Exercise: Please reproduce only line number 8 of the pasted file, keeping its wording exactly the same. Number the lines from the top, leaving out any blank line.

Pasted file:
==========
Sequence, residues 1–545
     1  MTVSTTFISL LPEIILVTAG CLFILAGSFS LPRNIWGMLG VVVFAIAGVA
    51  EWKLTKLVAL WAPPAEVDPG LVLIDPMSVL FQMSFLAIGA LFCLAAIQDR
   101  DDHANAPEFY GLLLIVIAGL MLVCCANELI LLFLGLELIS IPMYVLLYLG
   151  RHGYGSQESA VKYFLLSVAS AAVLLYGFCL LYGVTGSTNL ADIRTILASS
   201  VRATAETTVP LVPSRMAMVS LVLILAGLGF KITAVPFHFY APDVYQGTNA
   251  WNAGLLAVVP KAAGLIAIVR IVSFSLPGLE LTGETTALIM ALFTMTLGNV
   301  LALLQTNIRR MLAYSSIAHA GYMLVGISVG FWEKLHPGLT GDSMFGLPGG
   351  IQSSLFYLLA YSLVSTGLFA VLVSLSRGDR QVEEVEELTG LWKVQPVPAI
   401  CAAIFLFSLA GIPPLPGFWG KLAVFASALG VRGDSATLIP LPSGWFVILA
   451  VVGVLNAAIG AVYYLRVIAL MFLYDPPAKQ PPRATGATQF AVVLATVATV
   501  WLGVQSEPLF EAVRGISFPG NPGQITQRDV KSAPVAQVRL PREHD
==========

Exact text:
   301  LALLQTNIRR MLAYSSIAHA GYMLVGISVG FWEKLHPGLT GDSMFGLPGG